We then used the purified mtDNA amplicons as a template for the heminested touchdown PCR (TD-PCR) with P. cynomolgi-specific primers: cox1_F1 (5′-CCAAGCCTCACTTATTGTTAAT-3′), cox1_R1 (5′-ACCAAATAAAGTCATTGTTGATCC-3′), and cox1_R3 (5′-ATGGAAATGAGCAATTACATAG-3′). The heminested 1 (N1) TD-PCR amplification for each sample was performed in an 11-µL reaction mixture containing 1× colorless PCR buffer, 2 mmol MgCl2, 0.2 mmol dNTP mix, 0.25 µmol of each primer (cox1_F1 and cox1_R1), 0.275 U GoTaq G2 Flexi DNA Polymerase (Promega, https://www.promega.com), and 0.5 µL of purified mtDNA template under the following conditions: 94°C for 3 min for first denaturation; 10 cycles at 94°C for 30 s, 62°C for 45 s, and 72°C for 85 s; 25 cycles at 94°C for 30 s, 53°C for 45 s, and 72°C for 85 s; then a final extension for 5 min at 72°C. After N1 TD-PCR, we performed a heminested 2 (N2) TD-PCR amplification for each of the PCR products in a 22 µL reaction mixture containing similar concentration of PCR master-mix recipe with cox1_F1 and cox1_R1 primers and 1 µL of purified mtDNA template under the following conditions: 94°C for 3 min for first denaturation, 10 cycles at 94°C for 30 s, 59°C for 45 s, and 72°C for 85 s; 25 cycles at 94°C for 30 s, 53°C for 45 s, and 72°C for 85 s; then a final extension for 5 min at 72°C. We used the S.N.A.P UV Gel Purification Kit (Invitrogen) to gel purify the amplicon.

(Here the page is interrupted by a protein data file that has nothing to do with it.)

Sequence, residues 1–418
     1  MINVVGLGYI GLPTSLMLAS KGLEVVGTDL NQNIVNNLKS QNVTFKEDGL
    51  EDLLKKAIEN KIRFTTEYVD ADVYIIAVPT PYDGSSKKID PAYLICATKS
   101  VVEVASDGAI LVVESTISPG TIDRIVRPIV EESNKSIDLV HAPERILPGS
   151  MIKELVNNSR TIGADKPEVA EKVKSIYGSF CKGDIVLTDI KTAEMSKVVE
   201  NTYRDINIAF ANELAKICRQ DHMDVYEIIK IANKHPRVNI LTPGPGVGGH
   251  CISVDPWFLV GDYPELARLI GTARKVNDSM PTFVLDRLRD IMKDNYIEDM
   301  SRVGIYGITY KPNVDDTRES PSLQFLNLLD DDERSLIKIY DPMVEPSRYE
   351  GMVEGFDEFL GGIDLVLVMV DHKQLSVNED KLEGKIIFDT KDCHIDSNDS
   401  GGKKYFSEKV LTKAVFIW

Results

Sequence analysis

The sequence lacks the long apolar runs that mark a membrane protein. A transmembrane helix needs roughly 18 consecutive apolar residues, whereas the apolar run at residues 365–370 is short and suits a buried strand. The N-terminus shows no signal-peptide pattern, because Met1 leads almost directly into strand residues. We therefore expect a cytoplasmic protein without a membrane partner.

We performed TD-PCR amplification of the P. knowlesi COXI fragment by using P. knowlesi–specific primers: cox1_Pk_F1 (5′-CATATCCAAGCCTCATTTATGA-3′) and cox1_Pk_R1 (5′-GTGAAAATGAGCAATTACATAA-3′). Amplification was performed in a 22 µL reaction mixture containing similar concentration of PCR master-mix recipe with cox1_F1 and cox1_R1 primers and 1 µL of purified mtDNA template. We used the following thermal cycling parameters: 94°C for 3 min for first denaturation; 10 cycles at 94°C for 30 s, 62°C for 45 s, and 72°C for 85 s; 25 cycles at 94°C for 30 s, 56°C for 45 s, and 72°C for 85 s; then a final extension for 5 min at 72°C. We purified the amplicon as we mentioned in the previous step.